Our goal, therefore, was to provide a more comprehensive characterization of the aphid RNAi machinery, including comparisons of sequence evolution and gene expression across multiple tissues. Characterization and understanding of the RNAi machinery will help develop and improve robust RNAi methods for gene knockout in A. glycines. In the current study, we have identified and characterized genes encoding the major components of RNAi machinery, specifically Dcr2, Ago2, and R2d2 from a transcriptome database [33]. Using comparative genomic, molecular evolution and phylogenetic approaches, we determined evolutionary relationships among the hemipteran RNAi genes and those from other insect orders. We also characterized Sid1, which could possibly be involved in a systemic response for RNAi-mediated gene knockdown. Additionally, we compared the expression of these genes in multiple developmental stages and tissues to evaluate the RNAi pathway activity.

2. Results

2.1. Identification of Core RNAi Machinery and a Factor for Systemic RNAi

A search for major components of RNAi machinery in an A. glycines transcriptomic database revealed that its genome encodes for at least one copy of Dcr2, R2d2 and Ago2 (Table 1) as well as the cDNA of a putative factor for systemic RNAi, Sid1. The proteins encoded by AyDcr2, AyR2d2, AyAgo2, and AySid1 have a high level of sequence similarity with corresponding proteins of various insects and, as expected, their closest matches were other Aphididae species, A. pisum or Aphis gossypii.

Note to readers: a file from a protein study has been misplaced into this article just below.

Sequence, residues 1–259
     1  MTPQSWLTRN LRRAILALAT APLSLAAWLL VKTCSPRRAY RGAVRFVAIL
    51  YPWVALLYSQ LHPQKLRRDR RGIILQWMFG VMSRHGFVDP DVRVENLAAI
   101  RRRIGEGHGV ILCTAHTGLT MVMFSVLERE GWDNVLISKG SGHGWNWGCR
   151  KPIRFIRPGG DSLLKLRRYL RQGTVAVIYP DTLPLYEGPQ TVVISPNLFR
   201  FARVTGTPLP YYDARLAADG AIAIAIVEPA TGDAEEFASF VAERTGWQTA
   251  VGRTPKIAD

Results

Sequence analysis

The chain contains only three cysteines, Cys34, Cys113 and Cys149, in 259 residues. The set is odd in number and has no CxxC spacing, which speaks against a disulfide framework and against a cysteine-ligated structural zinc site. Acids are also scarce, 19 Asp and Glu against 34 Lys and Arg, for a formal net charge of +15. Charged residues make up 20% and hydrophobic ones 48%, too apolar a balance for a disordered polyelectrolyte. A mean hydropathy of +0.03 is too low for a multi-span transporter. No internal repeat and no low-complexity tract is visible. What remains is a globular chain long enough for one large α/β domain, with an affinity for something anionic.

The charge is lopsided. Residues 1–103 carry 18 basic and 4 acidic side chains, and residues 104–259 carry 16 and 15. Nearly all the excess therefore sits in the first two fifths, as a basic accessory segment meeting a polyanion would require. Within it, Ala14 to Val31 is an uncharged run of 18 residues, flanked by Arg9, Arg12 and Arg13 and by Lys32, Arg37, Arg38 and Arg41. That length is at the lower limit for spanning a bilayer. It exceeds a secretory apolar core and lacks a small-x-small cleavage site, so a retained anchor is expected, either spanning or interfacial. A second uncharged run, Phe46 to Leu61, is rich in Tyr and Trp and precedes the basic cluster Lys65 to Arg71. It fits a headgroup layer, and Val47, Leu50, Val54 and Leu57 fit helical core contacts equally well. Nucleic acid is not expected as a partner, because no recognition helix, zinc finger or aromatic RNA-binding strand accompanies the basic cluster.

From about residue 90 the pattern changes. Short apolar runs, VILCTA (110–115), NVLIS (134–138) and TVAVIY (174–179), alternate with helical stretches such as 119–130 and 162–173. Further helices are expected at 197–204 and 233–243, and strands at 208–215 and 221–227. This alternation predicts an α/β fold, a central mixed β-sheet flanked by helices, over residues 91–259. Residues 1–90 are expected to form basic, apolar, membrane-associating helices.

2.1.1. Characterization of AyDcr2

Structural analysis of AyDcr2 revealed the presence of all signature domains of Dcr2 proteins (Figure 1A). It contained two amino-terminal DExH helicase domains, a Dicer double-stranded RNA-binding fold (Dicer_DSRBF) domain, a PAZ domain, two RNase III domains and a carboxy-terminal dsRNA binding (DSRBD) domain. The domain architecture of Dcr2 proteins from various insects is identical, except for the absence of a DSRBD domain in Dcr2 of T. castaneum. However, there are conserved amino-acid residues in the corresponding region of Dcr2 in T. castaneum [26]. For a particular domain in insect Dcr2 proteins, ScanProsite attributed a similar profile hit score (Table S1). The RNase III domains possess endonuclease enzymatic activity that results in processing of dsRNA into siRNA. The multiple sequence alignments revealed a conserved nature of both RNase III domains in various insects (Figures 1B,C and S1). The RNase IIIa and RNase IIIb of AyDcr2 shared identities to those of Dcr2 in T. castaneum (36.0% and 51.6% respectively) and D. melanogaster (24.6% and 38.8% respectively).

2.1.2. Characterization of AyR2d2